Our scripture reading for today has us reading about the often-used biblical metaphor… the shepherd. For most of us, the idea of shepherd comes only from the books we read, but back in biblical times, most everyone knew what the role of a shepherd was, and its importance. If you were to look it up, it would be defined as ‘a person who tends and rears sheep’ and to ‘guide or direct in a particular direction.’ Listen to Psalm 100:3, “Know that the Lord is God. It is He who made us, and we are His; we are His people, the sheep of His pasture.” So, let’s take a moment and consider God our Shepherd.
Our first reading brings us to Psalm 22. In the first few verses, the psalmist is distressed, and in anguish. It seems as though God has somehow neglected him. As we continue to read, his tone appears to abruptly change in verse 19. From this point forward, he points out the praiseworthy strength that only the Lord provides. This leads right into the ever-popular and ever-comforting Psalm 23 that announces to us all these comforting words, “The Lord is my shepherd; I shall not want” (Psalm 23:1). With only six verses, this Psalm simultaneously provides contentment for this life and the promise of the eternal.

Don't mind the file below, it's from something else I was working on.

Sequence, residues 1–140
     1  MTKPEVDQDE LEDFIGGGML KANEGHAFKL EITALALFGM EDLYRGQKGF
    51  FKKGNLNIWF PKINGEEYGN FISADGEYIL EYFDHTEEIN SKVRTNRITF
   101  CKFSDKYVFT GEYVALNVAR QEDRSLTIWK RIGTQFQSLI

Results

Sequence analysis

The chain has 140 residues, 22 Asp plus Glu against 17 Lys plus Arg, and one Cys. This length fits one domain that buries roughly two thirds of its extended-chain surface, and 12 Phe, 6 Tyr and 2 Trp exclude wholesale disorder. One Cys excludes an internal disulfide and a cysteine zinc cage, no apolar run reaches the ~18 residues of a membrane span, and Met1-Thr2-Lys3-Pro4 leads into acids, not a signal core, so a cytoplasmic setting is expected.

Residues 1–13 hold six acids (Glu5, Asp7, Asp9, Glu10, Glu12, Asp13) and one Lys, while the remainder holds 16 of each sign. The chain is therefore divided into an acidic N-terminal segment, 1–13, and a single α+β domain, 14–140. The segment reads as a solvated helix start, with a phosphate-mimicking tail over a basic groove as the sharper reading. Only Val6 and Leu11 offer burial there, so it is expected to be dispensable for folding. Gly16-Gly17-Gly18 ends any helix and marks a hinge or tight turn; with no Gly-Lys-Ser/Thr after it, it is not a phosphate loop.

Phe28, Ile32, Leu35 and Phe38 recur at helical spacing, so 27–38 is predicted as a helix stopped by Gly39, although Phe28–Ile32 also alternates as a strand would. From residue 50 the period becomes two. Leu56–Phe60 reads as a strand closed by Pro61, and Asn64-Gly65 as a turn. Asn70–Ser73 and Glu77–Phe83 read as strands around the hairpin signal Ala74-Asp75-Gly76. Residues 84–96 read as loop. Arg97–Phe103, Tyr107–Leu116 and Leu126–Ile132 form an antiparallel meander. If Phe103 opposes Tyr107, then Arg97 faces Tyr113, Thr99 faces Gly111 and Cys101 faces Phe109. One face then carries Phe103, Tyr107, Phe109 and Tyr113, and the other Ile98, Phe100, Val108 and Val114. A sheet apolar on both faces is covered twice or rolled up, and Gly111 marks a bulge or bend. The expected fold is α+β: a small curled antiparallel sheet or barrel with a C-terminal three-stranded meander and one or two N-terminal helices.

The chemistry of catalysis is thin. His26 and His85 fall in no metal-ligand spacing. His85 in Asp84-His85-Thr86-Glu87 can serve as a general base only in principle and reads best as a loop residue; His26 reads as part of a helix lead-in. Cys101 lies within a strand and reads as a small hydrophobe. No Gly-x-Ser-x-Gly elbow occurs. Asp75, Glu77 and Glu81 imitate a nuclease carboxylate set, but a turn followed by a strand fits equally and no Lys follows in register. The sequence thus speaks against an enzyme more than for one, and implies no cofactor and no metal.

Our second reading brings us to Ezekiel chapter 34. In verses 1-10, Israel’s “shepherds” are denounced for only caring for themselves. This truth is found in these penetrating words, “Woe to the shepherds of Israel who feeds themselves!” (Ezekiel 34:2). In verses 11-16, the reader is pointed to the true Shepherd who will “search for my sheep and look after them” (34:11). He will be the judge and care for all His sheep, including the weak (verses 17-22). He will make a covenant of peace and protect them from the wild beasts (verse 25), providing blessings (verses 26-30) to them all. Why? Listen to v31, “You my sheep, the sheep of my pasture, are people, and I am your God, declares the Sovereign Lord.”
Now we take this imagery and carry it over to the New Testament. In our final reading, we learn from John chapter 10, about Jesus being the “gate”. He is the only way to salvation. In that same chapter, Jesus calls himself “the good shepherd” (v11). Why is He good you ask? Listen to the next part of the verse, “The good shepherd lays down his life for the sheep.” Jesus, the good shepherd, knows His sheep, and His sheep follow Him. Jesus, the provider of eternal life, came to be the one true shepherd man needs to shepherd the one true flock that He would purchase, His church. Thank You God for being our Shepherd.
Abe & Dennis